Cont

Have any Questions?

Www.Distillery.Sale

Jun 08, 2022 View:

Maturing new-make

Is it my imagination, or does the taste of new-make change over the first few weeks when unwooded?

Recently I tasted some spirit I had made the previous day and it was terrible, really bitter. I was contemplating putting it back into the still in an attempt to make it drinkable. A couple of weeks later I tasted it again and it was really nice. Most of the bitterness had gone (it was 100% rye) and it had become very smooth and drinkable.


Reply:

This phenomenon is mentioned in Ian Smiley's "Making Pure Corn Whiskey."


Reply:

Part of what goes on in a barrel is oxidation, which occurs in the presence of oxygen, whether wood is present or not.


Reply:

I down here in Argentina and am having a difficult time sourcing sherry barrels. I am currently looking into finding a whiskey distiller here and trying to purchase used barrels from them.

I'm curious, has anyone tried utilizing a used wine barrel?


Reply:

There has been some wine barrels used in Australia. Not white wine, from rumours I have heard it produces an acidic taste

Heavier reds seem to be the option and they seem to produce a lighter style.

I haven't heard of anyone who has been using them for a long period to see the long term outcome.


Reply:

In Russia and Ukraine the spirit is required to rest for two days many vodka manufacturers wait a week, for that very reason. Of course others don't wait at all, but they should.


Reply:

We rest everything for at least a week prior to bottling. Sometimes more. In the beginning, we didn't do that. But it's much better with some rest.


Reply:

Has anyone ever tried forcing oxygenation? Maybe hook a tank of O2 to a bubble line in the bottom of the holding tank and run it for a bit?


Reply:

forced oxidation has been tried many times over the last hundred or so years, each time coming up short. I have heard of O2, ozone, and even peroxide being used. The main problem they ran into was different, unwanted flavours developing. Also, running O2 through spirit could lead to a quite explosive situation, seeing as you would need to vent the gasses coming off.


Reply:

I've been wanting to test soluble oxygen in new make. Boiling drives off all of the dissolved oxygen and I'm betting it's going back into solution over time. I've looked at concentration of highly volatile compounds and they don't change much over the first weeks. Oxydation takes longer unless you force it.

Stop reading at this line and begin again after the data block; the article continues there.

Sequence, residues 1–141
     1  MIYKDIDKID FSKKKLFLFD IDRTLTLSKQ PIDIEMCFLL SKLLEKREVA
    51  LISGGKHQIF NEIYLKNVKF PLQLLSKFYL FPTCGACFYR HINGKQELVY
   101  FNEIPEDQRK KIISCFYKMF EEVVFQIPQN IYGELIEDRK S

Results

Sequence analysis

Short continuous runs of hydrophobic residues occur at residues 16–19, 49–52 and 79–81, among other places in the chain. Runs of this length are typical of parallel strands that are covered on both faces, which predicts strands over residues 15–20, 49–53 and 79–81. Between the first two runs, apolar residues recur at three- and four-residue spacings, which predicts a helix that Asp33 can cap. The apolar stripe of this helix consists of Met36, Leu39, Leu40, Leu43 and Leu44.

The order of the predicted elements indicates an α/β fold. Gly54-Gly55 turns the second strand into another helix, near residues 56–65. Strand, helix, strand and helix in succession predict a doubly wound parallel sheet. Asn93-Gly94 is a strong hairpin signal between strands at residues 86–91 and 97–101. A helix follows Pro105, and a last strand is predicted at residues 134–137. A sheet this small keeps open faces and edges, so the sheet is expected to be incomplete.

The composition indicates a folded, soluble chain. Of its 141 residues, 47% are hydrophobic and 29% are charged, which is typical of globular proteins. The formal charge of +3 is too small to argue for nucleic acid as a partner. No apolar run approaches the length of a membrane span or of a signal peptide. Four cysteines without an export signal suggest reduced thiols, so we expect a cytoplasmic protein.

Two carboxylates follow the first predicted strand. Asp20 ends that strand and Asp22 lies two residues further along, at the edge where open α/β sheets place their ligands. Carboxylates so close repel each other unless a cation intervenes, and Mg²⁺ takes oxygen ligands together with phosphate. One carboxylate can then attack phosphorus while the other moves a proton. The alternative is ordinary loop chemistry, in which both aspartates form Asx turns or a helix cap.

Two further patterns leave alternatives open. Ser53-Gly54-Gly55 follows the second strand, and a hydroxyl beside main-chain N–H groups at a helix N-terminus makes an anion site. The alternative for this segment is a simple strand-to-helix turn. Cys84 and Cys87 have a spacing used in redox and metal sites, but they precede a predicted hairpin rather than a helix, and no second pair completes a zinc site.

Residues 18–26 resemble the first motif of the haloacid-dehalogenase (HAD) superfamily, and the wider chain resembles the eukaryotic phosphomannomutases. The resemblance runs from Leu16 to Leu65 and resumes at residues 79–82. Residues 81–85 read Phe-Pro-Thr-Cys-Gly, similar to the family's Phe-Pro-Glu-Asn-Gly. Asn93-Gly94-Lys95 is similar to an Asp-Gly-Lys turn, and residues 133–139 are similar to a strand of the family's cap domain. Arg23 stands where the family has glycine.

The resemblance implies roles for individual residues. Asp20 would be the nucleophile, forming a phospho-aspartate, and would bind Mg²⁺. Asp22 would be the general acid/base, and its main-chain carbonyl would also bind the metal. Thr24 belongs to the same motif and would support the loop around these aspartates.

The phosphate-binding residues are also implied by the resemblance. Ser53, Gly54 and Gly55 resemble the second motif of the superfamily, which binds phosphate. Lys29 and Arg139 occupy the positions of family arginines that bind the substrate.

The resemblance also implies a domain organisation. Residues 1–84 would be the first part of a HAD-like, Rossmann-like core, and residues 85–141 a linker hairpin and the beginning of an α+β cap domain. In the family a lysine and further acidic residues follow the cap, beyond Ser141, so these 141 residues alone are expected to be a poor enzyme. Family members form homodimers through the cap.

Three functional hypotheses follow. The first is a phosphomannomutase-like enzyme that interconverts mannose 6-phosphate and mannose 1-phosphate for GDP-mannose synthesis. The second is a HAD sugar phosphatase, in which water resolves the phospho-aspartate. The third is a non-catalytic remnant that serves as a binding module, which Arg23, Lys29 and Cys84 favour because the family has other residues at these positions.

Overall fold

Reply:

Though the topic is old one, but the issue is very interesting indeed. I myself reworked different spirits by dynamic way, oxidazing them. Results were noteworthy. Spirits were improved both in the taste and smell. What interesting that it is suit for clear not aged spirits as well as matured ones.

As for rest of vodka in Ukraine and Russia after blending and charcoal treatments before bottling, I have to say it depend on availability empty stainless steel tanks for such rest, but all vodka producers trying to rid of the deffects of spirits earlier at the stage of treatment, of course, the rest can improve the spirit, but not always the processes are fully controllable.


Reply:

It is not just oxidation, there is also chemical reactions that continue between the congeners and the alcohol, the water, and themselves. Most have occurred after 48 hours, but we see change even after a week in some cases. Also, sometimes there are volatiles that will escape during that period.


Reply:

I agree, indeed it could be reaction of polycondensation when from acet aldehyde and one or two molecules of ethanol are formed semiacetals and full acetals. It could be reaction of etherofication with forming esters, such as ethyl acetat and ethyl formiat. Absolutly.


Reply:

Also - for those that rest, are you resting at high ABV off the still or proofing down closer to bottling proof and resting at that lower proof? Any difference?


Reply:

Resting at high ABV most often. You might get a difference with lower proof if part of the rest is done to get rid of some volatiles with poor water solubility.


Reply:

Currenty testing how proofing effects the resting period. My assumption is that lowering the alcohol to a standard barreling proof (110-125) would accelerate the "aging" beit oxidation, esterfication, or some other such magic. My thought being that ethanol is very stable so lowering the proof should decrease stability. Does this make sense? As an aside, mixing water with ethanol is slightly exothermic so I suppose it's possible that the increase in temperature from proofing might help...